Turkish women hope to get free HPV vaccine after landmark lawsuit

When Turkish student Yagmur Varkal learned she had to pay for a vaccine that would protect her against cervical cancer, she was furious. The health authorities took to court to get their money back, achieving a historic victory.

Since then, other Turkish women have taken legal action to demand free access to human papillomavirus (HPV) vaccines. According to the World Health Organization, this is already provided to women and girls in more than 100 countries.

Activists in Turkey hope the court ruling in Ankara will set a precedent and pave the way for universal access to Turkish women. “We are very pleased with the outcome. ‘The legitimacy of our case continues,’” Farkal says. The 24-year-old has been supported in her legal battle by Children and Women First.

Cancer prevention

“But it doesn’t stop here, our main goal is to make sure the vaccine is available to all girls and boys,” Farkal explains.

“But it doesn’t stop here, our main goal is to make sure the vaccine is available to all girls and boys.”

The Turkish Ministry of Health did not immediately respond to a request for comment.

HPV, one of the most common sexually transmitted diseases, usually causes no symptoms and goes away on its own. But the virus can cause cervical cancer in transgender women and men, as well as throat and penis cancer.

Cervical cancer is the fourth most common cancer among women worldwide, claiming about 1,250 lives in Turkey each year.

Studies have shown that vaccinating girls against HPV can reduce the number of cervical cancer cases by about 90%. This vision has led to more and more countries offering the vaccine for free. This usually happens to girls from 9 to 14 years old, which guarantees the greatest effectiveness.

Cheap lira, expensive vaccine

But Turkey, with a population of more than 84 million, did not include the HPV vaccine in the list of free vaccines.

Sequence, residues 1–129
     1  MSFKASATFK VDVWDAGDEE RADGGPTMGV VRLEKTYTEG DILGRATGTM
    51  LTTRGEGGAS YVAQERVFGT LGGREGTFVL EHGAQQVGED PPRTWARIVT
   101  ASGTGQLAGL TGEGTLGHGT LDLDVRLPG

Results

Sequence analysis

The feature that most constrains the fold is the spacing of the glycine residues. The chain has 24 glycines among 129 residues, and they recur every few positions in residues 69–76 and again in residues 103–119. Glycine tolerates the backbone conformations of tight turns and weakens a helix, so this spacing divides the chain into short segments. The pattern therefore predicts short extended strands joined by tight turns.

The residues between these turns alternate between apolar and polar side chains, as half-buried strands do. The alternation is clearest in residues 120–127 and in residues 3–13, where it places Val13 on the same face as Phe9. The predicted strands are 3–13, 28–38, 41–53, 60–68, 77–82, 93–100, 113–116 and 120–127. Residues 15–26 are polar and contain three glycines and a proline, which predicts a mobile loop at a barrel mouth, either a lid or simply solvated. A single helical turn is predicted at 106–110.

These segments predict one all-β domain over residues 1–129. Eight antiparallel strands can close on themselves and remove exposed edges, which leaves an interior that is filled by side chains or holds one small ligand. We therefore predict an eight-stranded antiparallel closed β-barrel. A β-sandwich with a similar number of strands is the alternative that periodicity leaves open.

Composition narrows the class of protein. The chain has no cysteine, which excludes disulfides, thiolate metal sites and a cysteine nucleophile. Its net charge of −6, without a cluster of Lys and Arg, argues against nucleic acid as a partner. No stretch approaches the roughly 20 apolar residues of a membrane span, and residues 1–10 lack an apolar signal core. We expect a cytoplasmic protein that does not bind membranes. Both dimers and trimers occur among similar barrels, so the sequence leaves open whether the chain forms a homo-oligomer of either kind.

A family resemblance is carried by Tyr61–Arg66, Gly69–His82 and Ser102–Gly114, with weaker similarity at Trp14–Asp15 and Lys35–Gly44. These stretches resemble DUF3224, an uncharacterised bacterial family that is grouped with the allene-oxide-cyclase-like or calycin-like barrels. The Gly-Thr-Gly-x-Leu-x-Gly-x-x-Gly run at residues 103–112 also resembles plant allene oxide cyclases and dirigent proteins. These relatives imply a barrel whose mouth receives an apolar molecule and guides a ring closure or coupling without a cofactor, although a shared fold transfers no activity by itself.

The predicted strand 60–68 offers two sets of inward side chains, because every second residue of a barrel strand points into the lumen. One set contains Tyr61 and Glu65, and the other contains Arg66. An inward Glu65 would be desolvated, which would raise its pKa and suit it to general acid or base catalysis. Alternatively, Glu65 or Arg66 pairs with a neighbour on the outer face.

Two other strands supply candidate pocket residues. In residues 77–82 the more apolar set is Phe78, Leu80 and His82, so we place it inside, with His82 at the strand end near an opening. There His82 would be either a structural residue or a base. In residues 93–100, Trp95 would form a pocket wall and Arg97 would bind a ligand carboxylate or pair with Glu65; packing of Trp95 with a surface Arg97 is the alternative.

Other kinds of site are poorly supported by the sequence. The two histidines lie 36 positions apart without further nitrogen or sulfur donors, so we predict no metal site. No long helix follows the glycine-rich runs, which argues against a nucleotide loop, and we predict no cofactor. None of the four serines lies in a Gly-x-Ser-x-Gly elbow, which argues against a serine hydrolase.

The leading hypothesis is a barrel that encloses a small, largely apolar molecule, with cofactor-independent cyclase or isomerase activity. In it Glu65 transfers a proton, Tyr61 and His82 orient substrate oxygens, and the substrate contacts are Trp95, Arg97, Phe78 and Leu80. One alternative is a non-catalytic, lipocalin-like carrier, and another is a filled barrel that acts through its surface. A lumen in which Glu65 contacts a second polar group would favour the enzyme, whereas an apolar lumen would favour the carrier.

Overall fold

Due to the economic distress in the country, inflation is currently at its highest level in twenty years. The Turkish lira has halved against the dollar in the past year. Consequently, medical costs are becoming less expensive for many Turks.

Medical costs are becoming less expensive for many Turks.

At 2,372 lira (€148) – more than half the minimum monthly wage after the currency collapse – the vaccine is too expensive for most Turkish girls and women.

conservative values

Access to HPV vaccines varies by region. It is provided by default in 37 out of 53 countries in the European region as defined by the World Health Organization, including Turkey.

Countries such as Greece or Armenia will cover all vaccination costs, while residents of Ukraine, Azerbaijan, Lebanon and Iran will have to pay for their vaccinations, according to data from the HPV Information Center. The center is co-led by the International Agency for Research on Cancer.

Candan Yusir, a Turkish doctor and parliamentarian, estimates that less than 1 percent of Turkish women and girls have been vaccinated against HPV.

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This ratio means that (vaccination) does not exist de facto. “It is unacceptable to ignore these deaths when thousands of lives can be saved,” Yasser said.

Conservative social values ​​are a hindrance to expanding access to the punch in Turkey. Activists say that public conversations about sex or women’s health are often considered taboo.

Zeynep, a 36-year-old woman from Istanbul, says she felt “anger, fear and upset” after being infected with HPV. According to her, there is a social stigma associated with sexually transmitted diseases.

“Because I come from a conservative family, I blame myself,” said Zainab, who prefers not to be called by her real name. But after talking to friends, Zainab realized that several of them had also contracted the virus.

group claim

Farkal took her case in court on March 10 against the government-run Social Security Corporation, which funds health care and therefore vaccines as well. Campaign activists say this sets an important precedent that could eventually lead to widespread access to an HPV vaccine.

“We only have one goal left: politicians should make the decision to include HPV vaccines in the national vaccination programme.”

More than 25 women have filed a class action lawsuit in Turkish courts to compensate them (A lawsuit with several plaintiffs, ed.† The cause is supported by Children and Women First, a women’s rights organization that also partners with pharmacists who push for free vaccination.

“We only have one goal left: Politicians must make the decision to include HPV vaccines in the national vaccination programme,” said Jim Kilink, a pharmacist and campaign leader.

Thus Nilda, of Children and Women First, says that women will still be more likely to develop cancer until the vaccine is offered free of charge. “Our efforts serve the right to life,” she says.

This article originally appeared with the IPS partner Thomson Reuters Foundation

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